2020 to usher in a new look for Grapevine’s Dallas Road project

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A construction project will help usher in redevelopment along Dallas Road in Grapevine. (illustrations courtesy city of Grapevine)

Dallas Road in Grapevine is about to get a makeover.

The city has planned for years to redevelop the Dallas corridor. Now, the city is getting ready to start what officials referred to as a “major project” on the street. The Dallas Road Improvement Program will begin in January with construction on the road, Development Services Director Scott Williams said. The street will be narrowed, and the continuous center turn lane will be eliminated.

“The four lanes will remain, but they’ll be more narrow, which will help to calm and slow traffic,” Williams said.

The center turn lane will be replaced by heavily landscaped medians, and pedestrian crosswalks will be added to Dallas, he said.

Following the January 2019 start of the TEXRail light rail operations at Grapevine’s Main Street, the city anticipated the station would lead to development pressure immediately surrounding the station area. Staff created a set of design standards to help guide investors and developers to create a cohesive and active environment, Williams said. These standards were adopted in 2019.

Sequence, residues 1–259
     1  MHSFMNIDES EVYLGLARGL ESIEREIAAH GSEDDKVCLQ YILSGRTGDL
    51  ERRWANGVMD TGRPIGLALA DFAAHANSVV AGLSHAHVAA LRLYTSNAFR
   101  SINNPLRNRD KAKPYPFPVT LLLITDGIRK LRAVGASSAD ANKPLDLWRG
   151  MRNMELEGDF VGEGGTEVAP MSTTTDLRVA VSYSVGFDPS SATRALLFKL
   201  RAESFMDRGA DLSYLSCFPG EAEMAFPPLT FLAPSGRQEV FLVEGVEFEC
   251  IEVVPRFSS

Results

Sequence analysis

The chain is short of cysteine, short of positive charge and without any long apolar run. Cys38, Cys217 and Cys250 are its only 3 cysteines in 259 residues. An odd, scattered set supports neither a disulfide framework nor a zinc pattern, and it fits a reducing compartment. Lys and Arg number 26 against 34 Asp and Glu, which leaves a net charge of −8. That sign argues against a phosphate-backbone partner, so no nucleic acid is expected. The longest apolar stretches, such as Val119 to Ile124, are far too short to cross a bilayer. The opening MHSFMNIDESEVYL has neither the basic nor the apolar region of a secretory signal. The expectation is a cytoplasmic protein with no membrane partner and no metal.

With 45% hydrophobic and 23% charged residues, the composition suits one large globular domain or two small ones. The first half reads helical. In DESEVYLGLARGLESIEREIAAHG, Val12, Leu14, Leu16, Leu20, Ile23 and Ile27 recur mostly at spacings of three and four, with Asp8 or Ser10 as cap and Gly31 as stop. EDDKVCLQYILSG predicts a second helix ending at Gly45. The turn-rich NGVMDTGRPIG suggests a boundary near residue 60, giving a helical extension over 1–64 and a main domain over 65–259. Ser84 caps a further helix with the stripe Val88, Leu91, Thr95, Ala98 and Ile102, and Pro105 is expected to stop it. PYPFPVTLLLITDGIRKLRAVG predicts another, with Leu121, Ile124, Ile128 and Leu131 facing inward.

“It’s not only … beneficial for the city, but it helps developers,” he said. “It lets them build more dense[ly]. It lets them use more of the lot than the current zoning would allow.”

Developers are not obligated to use these design standards, but the city provides incentives to developers for using these standards, such as waiving zoning and entitlement fees.

Some of the uses the standards encourage include boutique shopping, restaurant and entertainment, continuing the theme from Grapevine’s Main Street, Williams said.

In addition, there will be a greater emphasis on developing brownstone condominiums and townhomes for high-density residential uses rather than apartments.

“It’s simply market forces at work,” Williams said. “You have pressure for this more dense, active development—that tends to move away from those low-intensity uses.”





First appeared on Community Impact.

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